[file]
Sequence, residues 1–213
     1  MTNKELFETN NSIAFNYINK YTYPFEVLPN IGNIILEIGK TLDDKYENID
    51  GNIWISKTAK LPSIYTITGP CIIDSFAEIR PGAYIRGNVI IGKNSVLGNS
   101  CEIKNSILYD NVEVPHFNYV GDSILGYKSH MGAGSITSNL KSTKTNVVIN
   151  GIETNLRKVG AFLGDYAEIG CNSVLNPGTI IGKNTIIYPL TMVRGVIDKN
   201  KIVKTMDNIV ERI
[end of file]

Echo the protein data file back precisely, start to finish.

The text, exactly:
Sequence, residues 1–213
     1  MTNKELFETN NSIAFNYINK YTYPFEVLPN IGNIILEIGK TLDDKYENID
    51  GNIWISKTAK LPSIYTITGP CIIDSFAEIR PGAYIRGNVI IGKNSVLGNS
   101  CEIKNSILYD NVEVPHFNYV GDSILGYKSH MGAGSITSNL KSTKTNVVIN
   151  GIETNLRKVG AFLGDYAEIG CNSVLNPGTI IGKNTIIYPL TMVRGVIDKN
   201  KIVKTMDNIV ERI